On this Path of Nun, in the Atziluthic World of Archetypes, Ted’s poem ‘Fate Playing’ (BL 31-2) is full of chaos and emotion. Sylvia is stranded in a strange environment in which there are rivers of people, seas of tears, and love “forty-nine times magnified”. And into this chaos comes a Mercurial taxi-driver, “like a small god”, who ferries Sylvia in his “chariot” between a bus-station and a railway station, both of which represent the end and the beginning of journeys. The situation is suitably Foolish, as befits Sylvia’s first encounter with the emotion-charged chaos of Nun, and Ted’s poem is full of exaggeration. But so, too, (as is clear from her letter to her mother (SPLH 16 Oct. 1955)) was Sylviavs reaction to an unpredictable, but hardly irredeemable, situation.
Having arranged to meet Ted at King’s Cross Station, Sylvia decided to take an earlier train and meet his coach at Victoria Coach Station. Her letter to Ted, informing him of this change of plan, did not reach him in time. And he, too, changed the plan by getting off the coach as it passed near King’s Cross Station, so that he could meet the train he thought Sylvia would be on. Sylvia, when Ted did not get off the coach at Victoria as expected, was distraught. In floods of tears and a turmoil of emotion, she took a taxi to King’s Cross and found Ted waiting for her on the platform there. Both she and Ted describe her dreadful agitation and the rapture of their meeting. Sylvia wrote that “everything began to shine, and the taxi-driver sprouted wings”: and in Ted’s poem, he saw her “agitation” dissolve into “molten” tears of joy and “knew what it was / To be a miracle”. Such was the power of love!
Ted’s whole poem is governed by Mercurial energies. A mischievous “goblin” trickster spoils Sylvia’s careful plans and drops her at “eight in the evening” (a time governed by the transformative, serpentine number of Mercury’s caduceus) amidst a “kaleidoscope” of unrecognizable shapes, colours and sounds. Sylvia’s own energies are Mercurial, and range through the whole spectrum of emotions: panic, despair, fear, sorrow, determination, relief and ecstasy. And the taxi-driver in both her and Ted’s account is a small god – a winged cupid, who brings the lovers together. The energies of Tiphereth and Netzach, at each end of this Path of Nun, typically bring about a situation in which “the apparently indestructible vessel of ego hits an iceberg of circumstances and begins to founder”, (Low, Notes on Cabbala 102), and Ted’s poem demonstrates just this situation. Sylvia’s ego was fragile. Once before, in Paris, Sylvia had arrived expecting to meet a lover (Sassoon) who failed to turn up, and this must have been one of the “precedents” which, Ted says, “tripped” her expectations. But this time, in London, love “forty-nine times magnified” allowed Sylvia to triumph, and Triumph is one of the things made possible by the energies of Netzach.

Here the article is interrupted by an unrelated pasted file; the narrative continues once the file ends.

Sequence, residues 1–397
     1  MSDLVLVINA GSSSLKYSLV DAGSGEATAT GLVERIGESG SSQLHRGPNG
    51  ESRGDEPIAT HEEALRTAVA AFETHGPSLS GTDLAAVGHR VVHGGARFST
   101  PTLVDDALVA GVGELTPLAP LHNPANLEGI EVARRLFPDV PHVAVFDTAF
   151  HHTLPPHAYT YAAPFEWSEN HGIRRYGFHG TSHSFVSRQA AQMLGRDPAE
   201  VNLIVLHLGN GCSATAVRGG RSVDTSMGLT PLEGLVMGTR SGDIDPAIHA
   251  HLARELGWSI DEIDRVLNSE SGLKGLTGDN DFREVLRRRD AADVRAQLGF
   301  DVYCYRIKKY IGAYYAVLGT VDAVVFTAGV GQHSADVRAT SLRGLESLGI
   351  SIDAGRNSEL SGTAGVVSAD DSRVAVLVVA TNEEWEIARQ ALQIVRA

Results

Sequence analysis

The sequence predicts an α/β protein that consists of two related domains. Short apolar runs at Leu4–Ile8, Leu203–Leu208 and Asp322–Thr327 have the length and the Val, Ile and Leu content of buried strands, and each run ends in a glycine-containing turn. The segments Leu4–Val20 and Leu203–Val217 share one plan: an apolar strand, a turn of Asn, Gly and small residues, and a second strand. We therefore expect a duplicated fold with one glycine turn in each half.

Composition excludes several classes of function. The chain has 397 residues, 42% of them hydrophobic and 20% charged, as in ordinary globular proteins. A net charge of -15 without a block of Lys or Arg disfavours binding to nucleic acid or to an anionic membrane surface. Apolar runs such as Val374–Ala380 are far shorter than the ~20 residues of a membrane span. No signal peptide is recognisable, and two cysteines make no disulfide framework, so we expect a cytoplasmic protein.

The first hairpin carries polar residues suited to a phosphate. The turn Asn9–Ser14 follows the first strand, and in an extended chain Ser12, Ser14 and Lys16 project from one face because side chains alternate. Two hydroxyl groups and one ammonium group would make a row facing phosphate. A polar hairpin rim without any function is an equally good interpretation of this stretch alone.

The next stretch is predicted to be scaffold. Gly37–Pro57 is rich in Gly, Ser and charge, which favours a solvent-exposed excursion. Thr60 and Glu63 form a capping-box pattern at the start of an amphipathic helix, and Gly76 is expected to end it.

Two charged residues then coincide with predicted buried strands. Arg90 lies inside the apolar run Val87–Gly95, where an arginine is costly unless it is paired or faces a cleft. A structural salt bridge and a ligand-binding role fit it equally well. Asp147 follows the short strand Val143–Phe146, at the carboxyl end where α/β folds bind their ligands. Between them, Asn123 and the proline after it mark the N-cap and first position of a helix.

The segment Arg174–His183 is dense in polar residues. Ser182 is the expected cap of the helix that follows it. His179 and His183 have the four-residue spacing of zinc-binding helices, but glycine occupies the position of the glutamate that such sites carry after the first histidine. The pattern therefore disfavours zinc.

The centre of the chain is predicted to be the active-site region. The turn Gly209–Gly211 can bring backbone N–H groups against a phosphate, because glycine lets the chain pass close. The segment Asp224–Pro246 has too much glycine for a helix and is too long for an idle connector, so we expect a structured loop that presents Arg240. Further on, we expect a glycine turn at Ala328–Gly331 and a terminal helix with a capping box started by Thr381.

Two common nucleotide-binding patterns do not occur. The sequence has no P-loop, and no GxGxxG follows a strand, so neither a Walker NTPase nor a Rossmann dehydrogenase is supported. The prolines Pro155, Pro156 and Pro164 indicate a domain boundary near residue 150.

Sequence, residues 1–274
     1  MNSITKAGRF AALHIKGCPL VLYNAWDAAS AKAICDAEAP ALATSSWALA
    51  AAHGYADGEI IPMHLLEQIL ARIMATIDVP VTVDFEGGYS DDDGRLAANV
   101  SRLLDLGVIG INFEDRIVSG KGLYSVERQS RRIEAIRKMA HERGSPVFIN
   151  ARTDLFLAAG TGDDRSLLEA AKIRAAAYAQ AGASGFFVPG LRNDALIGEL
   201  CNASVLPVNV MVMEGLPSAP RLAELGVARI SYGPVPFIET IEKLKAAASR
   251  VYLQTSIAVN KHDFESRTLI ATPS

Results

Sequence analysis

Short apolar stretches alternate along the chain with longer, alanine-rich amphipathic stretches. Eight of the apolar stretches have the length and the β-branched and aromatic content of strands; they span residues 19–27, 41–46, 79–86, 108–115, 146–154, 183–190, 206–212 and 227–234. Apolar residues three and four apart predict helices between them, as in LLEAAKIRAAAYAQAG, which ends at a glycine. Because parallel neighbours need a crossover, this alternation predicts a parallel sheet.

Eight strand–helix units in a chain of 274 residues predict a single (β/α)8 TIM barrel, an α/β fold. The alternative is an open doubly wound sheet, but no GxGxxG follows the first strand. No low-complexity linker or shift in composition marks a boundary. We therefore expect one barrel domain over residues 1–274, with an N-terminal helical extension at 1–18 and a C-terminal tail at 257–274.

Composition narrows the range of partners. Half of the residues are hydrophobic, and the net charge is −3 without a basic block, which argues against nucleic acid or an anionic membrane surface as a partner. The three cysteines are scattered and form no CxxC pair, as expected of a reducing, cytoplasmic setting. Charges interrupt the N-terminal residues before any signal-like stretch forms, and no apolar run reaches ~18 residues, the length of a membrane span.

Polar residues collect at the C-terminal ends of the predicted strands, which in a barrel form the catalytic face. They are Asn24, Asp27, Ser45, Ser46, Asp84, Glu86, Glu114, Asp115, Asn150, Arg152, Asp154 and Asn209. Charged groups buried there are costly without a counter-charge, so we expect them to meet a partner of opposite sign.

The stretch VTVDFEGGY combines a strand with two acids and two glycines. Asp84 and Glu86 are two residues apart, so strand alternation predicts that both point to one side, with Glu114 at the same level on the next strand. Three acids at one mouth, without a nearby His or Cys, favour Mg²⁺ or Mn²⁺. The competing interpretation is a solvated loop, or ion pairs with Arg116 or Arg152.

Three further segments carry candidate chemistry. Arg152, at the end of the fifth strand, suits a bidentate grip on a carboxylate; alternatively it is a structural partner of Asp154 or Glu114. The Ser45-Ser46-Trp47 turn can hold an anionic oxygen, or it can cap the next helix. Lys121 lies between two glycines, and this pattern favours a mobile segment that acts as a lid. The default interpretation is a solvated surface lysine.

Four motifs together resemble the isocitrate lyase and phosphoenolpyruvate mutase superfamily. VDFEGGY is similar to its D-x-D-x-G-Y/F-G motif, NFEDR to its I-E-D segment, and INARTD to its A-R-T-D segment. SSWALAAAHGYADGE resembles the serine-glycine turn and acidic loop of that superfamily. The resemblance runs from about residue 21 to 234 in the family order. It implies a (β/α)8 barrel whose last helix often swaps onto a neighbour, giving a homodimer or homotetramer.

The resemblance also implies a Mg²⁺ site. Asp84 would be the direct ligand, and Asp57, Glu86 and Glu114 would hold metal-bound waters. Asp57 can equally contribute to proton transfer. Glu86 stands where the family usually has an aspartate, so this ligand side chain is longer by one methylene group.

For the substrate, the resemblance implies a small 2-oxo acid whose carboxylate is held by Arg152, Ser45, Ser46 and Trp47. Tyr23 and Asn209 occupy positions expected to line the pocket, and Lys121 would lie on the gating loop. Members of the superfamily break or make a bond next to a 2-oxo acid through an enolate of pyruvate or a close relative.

There is also an inevitability about events on the Path of Nun: Death and destiny are controlled by the Fates and are an inevitable part of Nature’s cycles; and one of the Cabbalistic meditations for this path is “Joined to Nature”. So, Ted and Sylvia see the happy resolution of their situation as “an omen”, and the tears which “splashed over” Ted like a drought-breaking “cloudburst” are a baptism which will bring new fertility to the “whole cracked earth” and to all its life-forms. They also mark the start a new, natural (in the sense of instinctive, spiritual and emotional), shared journey.
It is worth noting, too, the interesting discrepancy between Ted’s version of events in ‘Fate Playing’ and the account which Sylvia gives in her letter to her mother. Ted’s version is simpler. He describes his journey to King’s Cross as calm and “unperturbed”. And he describes his whole journey as being by train which, although late, arrives at the exact moment that Sylvia irrupts (the paronomasia with ‘erupts’ adds to the violence of Sylvia’s sudden appearance) onto the platform. Thus, Ted reinforces the sense of inevitability about that meeting and the suggestion that Fate (as in the title of this poem) was responsible for its occurrence and its timing. The discrepancy also emphasizes the difference between Ted’s and Sylvia’s life-journeys up to that time. The period of suspension and sacrifice in Ted’s life was described in ‘Fidelity’ (BL 28). The more chaotic hiatus in Sylvia’s journey is described in ‘Fate Playing’ where, finally, their separate and different paths are united by the baptism of tears. Now, they would begin their shared journey of the spirit. And so conjoined were they that in ‘The Owl’ (BL 33), which immediately follows ‘Fate Playing’ in the Birthday Letters sequence, Ted describes seeing his world (of Nature) anew, through Sylvia’s eyes.